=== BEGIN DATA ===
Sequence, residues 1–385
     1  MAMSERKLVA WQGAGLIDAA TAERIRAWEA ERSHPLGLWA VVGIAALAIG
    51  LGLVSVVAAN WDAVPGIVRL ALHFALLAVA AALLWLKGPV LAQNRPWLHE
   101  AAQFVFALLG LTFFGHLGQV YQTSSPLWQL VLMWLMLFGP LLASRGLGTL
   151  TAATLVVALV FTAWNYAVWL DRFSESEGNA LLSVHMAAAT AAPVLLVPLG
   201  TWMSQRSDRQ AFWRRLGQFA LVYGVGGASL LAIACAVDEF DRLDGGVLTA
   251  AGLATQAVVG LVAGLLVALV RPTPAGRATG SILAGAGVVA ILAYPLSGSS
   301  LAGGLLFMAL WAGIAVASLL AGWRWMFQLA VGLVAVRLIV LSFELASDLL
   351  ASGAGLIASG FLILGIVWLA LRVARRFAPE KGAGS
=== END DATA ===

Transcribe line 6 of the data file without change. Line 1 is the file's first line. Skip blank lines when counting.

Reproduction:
   201  TWMSQRSDRQ AFWRRLGQFA LVYGVGGASL LAIACAVDEF DRLDGGVLTA